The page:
How to make custom shaped images via SVG clipPaths

By Peter Binkowski  ·   May 1, 2017  ·  2 minute read

Images can be cropped programmatically, reducing image production time and effort while increasing flexibility.

On the web, custom cropped images have traditionally been the responsibility of an image production workflow. Whoever provides the images crops them to a shape, set them in a rectangular PNG, and… there we have custom shaped images on the web.

Today, though, we have more options to make custom cropped shapes in a more programmatic way. It requires less production time, greater flexibility, and less work from the image production side of things.

For a recent project here at Neoteric, Art Design Chicago, we needed a flexible system to apply shapes to images, handled by code rather than a production team. This is how we got here:

CSS clip-path property

CSS has a clip-path property that is part of the CSS Masking Module. It allows you to reference and apply points to create a shape that will clip an element.

img {
    clip-path: polygon(13% 15%, 49% 13%, 89% 11%, 74% 91%, 4% 91%, 8% 83%, 25% 65%, 29% 39%, 20% 36%, 9% 40%);


Using SVG clipPath instead

You don’t, however, need to have the clip path in the CSS. You can reference the <clipPath> element in an SVG:

<svg class="svg-defs">
        <clipPath id="clipping">
          <polygon id="Star-1" points="98.4999978 153.75 38.2520165 185.424245 49.7583542 118.337123 1.01670635 70.8257603 68.3760155 61.037872 98.5000012 1.1379786e-14 128.624005 61.0378871 195.98331 70.8258091 147.241642 118.337136 158.747982 185.424247"/>
</svg> image {
  clip-path: url(#clipping);

This supports Firefox and IE, too. Choose SVG clipPaths over plain CSS clip-path simple shapes if you have complex shapes or text. I used CodePen to mock up and prototype how these SVG clipPath’s would work. Here’s the basic pen that I based Art Design Chicago from:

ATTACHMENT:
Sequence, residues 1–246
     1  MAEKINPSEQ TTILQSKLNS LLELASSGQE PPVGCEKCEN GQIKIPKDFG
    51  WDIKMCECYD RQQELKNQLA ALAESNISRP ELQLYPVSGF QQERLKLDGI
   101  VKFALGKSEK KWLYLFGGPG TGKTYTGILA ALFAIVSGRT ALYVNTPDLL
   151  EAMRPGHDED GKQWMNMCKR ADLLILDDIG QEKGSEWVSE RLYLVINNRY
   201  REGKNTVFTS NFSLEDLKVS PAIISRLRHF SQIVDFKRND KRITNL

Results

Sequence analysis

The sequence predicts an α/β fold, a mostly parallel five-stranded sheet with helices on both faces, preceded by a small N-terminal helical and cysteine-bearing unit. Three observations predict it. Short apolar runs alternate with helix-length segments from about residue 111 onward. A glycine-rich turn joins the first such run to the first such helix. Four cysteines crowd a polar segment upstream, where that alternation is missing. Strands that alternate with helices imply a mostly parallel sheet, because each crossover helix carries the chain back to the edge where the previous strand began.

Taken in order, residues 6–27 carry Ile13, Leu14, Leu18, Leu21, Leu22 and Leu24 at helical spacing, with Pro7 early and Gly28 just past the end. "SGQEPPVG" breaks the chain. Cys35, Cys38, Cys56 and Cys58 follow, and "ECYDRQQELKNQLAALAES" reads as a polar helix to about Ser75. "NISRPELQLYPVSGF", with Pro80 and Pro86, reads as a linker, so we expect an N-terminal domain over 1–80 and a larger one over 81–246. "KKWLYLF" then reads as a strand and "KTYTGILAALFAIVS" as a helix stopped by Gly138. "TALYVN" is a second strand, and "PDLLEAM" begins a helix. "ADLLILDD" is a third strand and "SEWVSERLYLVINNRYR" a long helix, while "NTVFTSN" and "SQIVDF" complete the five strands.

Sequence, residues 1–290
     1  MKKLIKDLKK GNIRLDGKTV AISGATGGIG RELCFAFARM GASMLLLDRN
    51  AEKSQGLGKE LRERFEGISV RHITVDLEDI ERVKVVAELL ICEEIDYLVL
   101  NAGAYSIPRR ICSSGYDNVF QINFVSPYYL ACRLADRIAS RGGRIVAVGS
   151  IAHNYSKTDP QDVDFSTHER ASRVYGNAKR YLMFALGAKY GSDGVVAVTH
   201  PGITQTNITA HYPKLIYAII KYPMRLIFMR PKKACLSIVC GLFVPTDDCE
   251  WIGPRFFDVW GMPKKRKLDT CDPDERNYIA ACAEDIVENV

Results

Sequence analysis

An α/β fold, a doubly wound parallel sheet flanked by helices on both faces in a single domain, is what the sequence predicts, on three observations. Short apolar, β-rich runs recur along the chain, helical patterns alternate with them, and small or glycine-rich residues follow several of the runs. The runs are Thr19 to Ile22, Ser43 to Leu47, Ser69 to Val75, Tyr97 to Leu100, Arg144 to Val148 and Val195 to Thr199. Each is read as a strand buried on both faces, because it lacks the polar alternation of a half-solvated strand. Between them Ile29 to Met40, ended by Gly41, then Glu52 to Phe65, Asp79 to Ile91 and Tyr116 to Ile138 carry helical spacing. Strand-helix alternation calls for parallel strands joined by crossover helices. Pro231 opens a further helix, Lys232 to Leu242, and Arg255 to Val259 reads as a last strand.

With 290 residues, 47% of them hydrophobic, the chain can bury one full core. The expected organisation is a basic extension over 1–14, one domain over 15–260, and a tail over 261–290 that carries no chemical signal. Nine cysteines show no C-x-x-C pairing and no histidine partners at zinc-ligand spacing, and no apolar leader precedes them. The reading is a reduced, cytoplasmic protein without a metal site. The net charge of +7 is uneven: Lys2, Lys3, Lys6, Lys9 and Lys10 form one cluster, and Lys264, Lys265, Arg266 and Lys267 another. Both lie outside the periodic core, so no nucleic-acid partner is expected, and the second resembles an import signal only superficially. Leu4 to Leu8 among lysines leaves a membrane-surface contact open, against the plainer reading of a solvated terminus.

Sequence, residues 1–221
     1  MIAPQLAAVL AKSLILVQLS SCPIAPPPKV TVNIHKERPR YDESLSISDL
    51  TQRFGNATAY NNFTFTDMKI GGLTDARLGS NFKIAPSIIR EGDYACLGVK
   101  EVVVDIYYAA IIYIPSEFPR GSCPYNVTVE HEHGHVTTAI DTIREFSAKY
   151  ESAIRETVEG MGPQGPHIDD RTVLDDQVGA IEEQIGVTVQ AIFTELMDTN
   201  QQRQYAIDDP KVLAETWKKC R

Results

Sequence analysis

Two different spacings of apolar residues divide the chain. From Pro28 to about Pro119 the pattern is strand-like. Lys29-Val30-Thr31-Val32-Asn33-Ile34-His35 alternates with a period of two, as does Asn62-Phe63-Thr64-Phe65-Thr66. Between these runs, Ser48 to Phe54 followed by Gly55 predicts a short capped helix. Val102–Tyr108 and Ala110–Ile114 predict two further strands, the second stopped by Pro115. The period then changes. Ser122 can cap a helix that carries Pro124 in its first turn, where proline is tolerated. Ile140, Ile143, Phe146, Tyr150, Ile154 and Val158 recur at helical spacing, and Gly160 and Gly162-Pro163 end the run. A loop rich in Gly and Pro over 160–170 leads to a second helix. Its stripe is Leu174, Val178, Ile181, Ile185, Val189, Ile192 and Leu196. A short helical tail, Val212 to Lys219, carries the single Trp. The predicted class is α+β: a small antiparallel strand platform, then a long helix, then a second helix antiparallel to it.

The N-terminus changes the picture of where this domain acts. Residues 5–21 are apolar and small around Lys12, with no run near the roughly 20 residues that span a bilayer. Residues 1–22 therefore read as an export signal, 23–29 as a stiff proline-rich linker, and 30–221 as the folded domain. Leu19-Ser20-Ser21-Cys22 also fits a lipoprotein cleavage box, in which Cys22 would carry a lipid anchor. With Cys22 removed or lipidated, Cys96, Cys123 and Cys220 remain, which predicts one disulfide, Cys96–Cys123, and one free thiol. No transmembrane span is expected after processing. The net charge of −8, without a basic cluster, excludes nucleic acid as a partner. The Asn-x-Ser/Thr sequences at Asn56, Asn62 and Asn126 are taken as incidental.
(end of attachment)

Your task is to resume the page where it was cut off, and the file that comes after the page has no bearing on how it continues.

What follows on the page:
See the Pen GjJKoj by Peter Binkowski (@peterbinks) on CodePen.


One of the more tricky things I ran into was that I needed to have the SVG shapes on the page that I was referencing in the clip-path URL. However, since we use the Neoteric CMS—an in-house Ruby on Rails application—we could put the SVG shapes into a partial and put the partial into any view we needed. 

I learned a lot about how SVGs work on the web. Take a look at this article on how SVG’s box positioning and coordinate system works. Having an understanding of SVGs helps understand their placement and rendering on the page.

References & More Resources:

Neoteric Design helps businesses plan, develop, and improve websites and web applications. We are experts at modern content management systems, user experience design, Ruby on Rails web applications, and API-driven integrations. We clarify business challenges, develop user-centered solutions, and deliver high-quality, well-tested work ready for ongoing growth.

For more information, contact us.

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